Another interesting moment was when Wanda asked "whats an easement?" Then went on to say the changes were minor, the document understood, and the councils task was to pass it.

  4. Good comments all above. It's sad to see such a great opportunity as we had after the 2005 DOS decision regarding the cement plant go down the drain with this decision. Zoning the district a Core Riverfront District is a good idea but unfortunately there's a worm in the core.

  5. Perhaps I wasn't at the same meeting: the City Council (not an administrative agency of the City) can put reasonable time/day restrictions on operations of any business anywhere in the City. That was reiterated last night. Whether the City could shut down the port if the volume of aggregate were to be increased by a factor of 10 (or any other arbitrary amount) is "not sure." And this is what the attorney from DoS said -- in his admittedly nasal and really annoying voice and cadence. That question can only be answered by a judge, not a bureaucrat. As for the beach access, what I heard was that Holcim had committed to transferring title to that strip to the City (might still need an easement to access them on the land side but that the waterside rights were being granted to the City in fee). My hearings not what it used to be -- and I will re-listen to the hearing via the WGXC link -- but besides the question concerning what an easement is, I heard a completely different meeting than some of the commentators here.

  6. John,

    The DOS attorney cited two cases, both from Long Island, which stated unequivocally that without specified guidance in the document there is nothing a city can do to restrict the hours of operation. This was a specific question Ellen posed.

    Additionally, the statements by the DOS attorney regarding "intensification of use" were pretty clear, that volume is not covered by the conditional use permit, and as such, we have No ability to restrict it. It was a question I believe Ohrine posed very early in his presentation, you may recall he used his horse farm example.

    Holcim has made no formal legal commitment to anything. That was clarified last night, that Cheryl took the advice of DOS to work those "details" out later.

  7. I hate to say 'he said/she said' but I heard what Jonathan said.
    However, my hearing is not to good either, especially in the back
    room and Cheryl mumbles and swallows her words.

  8. Jonathan,

    I think we're talking about 2 different things: it's true that the City cannot change its zoning laws in a way to make an existing use illegal -- it simply makes the old use a "non-conforming use" which is grandfathered. This is true regardless of whether the rezoning is done within the rubric of a LWRP (which contains the zoning changes themselves) or in a stand-alone change to a single zoning designation. What the City can do, is to prohibit or reasonably restrict other new activities. It can also, bear in mind, restrict a grand fathered use if it reasonably finds such use an unreasonable threat to the health, welfare or well-being of the City's citizens and visitors.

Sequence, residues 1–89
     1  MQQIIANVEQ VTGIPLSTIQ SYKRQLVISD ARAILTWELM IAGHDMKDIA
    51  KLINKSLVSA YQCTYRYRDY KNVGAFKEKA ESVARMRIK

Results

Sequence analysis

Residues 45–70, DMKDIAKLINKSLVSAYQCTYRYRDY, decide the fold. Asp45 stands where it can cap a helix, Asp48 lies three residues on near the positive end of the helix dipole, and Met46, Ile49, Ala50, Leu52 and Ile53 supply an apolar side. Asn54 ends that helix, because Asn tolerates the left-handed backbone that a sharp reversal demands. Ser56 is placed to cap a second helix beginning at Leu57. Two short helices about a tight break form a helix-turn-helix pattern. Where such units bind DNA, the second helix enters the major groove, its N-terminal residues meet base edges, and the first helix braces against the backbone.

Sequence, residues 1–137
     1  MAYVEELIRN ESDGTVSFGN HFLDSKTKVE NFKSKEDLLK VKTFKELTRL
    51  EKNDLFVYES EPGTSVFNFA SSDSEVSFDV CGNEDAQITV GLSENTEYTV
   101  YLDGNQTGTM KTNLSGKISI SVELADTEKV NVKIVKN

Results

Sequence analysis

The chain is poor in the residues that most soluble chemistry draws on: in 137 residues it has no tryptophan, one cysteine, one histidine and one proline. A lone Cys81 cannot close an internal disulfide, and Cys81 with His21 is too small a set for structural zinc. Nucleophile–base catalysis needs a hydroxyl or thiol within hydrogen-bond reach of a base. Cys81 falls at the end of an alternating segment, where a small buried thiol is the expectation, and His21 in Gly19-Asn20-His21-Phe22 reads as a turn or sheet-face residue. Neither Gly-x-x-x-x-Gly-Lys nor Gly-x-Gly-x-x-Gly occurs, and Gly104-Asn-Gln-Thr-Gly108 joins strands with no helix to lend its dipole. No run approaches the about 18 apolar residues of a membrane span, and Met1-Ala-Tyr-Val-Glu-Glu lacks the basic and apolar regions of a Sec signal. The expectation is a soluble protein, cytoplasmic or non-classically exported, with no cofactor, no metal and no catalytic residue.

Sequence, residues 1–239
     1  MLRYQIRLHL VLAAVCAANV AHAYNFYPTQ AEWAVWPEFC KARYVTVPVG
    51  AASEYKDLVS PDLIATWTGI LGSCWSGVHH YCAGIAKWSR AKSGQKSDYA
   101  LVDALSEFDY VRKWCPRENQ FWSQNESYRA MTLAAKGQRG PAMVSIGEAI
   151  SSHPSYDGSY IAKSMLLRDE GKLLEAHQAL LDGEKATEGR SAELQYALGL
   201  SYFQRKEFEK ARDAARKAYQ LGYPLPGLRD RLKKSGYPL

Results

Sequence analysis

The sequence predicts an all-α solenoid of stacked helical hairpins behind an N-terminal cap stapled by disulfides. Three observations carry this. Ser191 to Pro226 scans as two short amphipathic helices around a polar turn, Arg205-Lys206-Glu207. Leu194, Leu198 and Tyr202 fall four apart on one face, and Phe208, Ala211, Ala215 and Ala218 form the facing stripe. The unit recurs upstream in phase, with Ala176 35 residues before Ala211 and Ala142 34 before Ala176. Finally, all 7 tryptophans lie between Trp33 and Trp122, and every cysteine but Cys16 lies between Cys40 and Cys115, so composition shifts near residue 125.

I do take issue with your understanding of the DoS attorney's statements: volume, noise, hours of operation -- all can be considered a change of use (and thus in the case of a pre-existing non-conforming use therefore prohibitable) if they rise to the level of a change in kind, beyond a mere change in degree (which he, and the law, characterize as an "intensification" of use). Thus, in the horse farm analogy, increasing from 10 to 100 head is not, in his opinion, enough of a change in degree to be deemed a change in kind. He may or may not be correct -- only a judge gets to determine that for sure (assuming a planning board decision on point is contested beyond administrative appeals).

    On the Holcim commitment issue you are correct: on re-listening to the recording I realized the combination of distance and mumbling got the better of my ears!

  9. This comment was submitted by "South Bay Task Force." Here's Part I:

    Mr. Friedman, aren't your considerations academic if no one has or will have a baseline of the present circumstances and uses - soon to be nonconforming uses - by which to gauge the company's future changes by?

    Whether O&G will intend to change a use or merely intensify it, what will the City measure the difference against? For example, with no site plan approval required, who is authorized to go out and measure the width of that road?

    We all know that the road is going to spread out, but apparently we don't all know that the City won't be able to do a damn thing about it (assuming that "the City" would even want to).

    What's to prevent O&G still using the same "public access" issue over the causeway as an offer in a next agreement, towards some further change they desire. Some change that's not huge, but will be divisive nevertheless, something between 20 and 30 horses, if you catch my drift).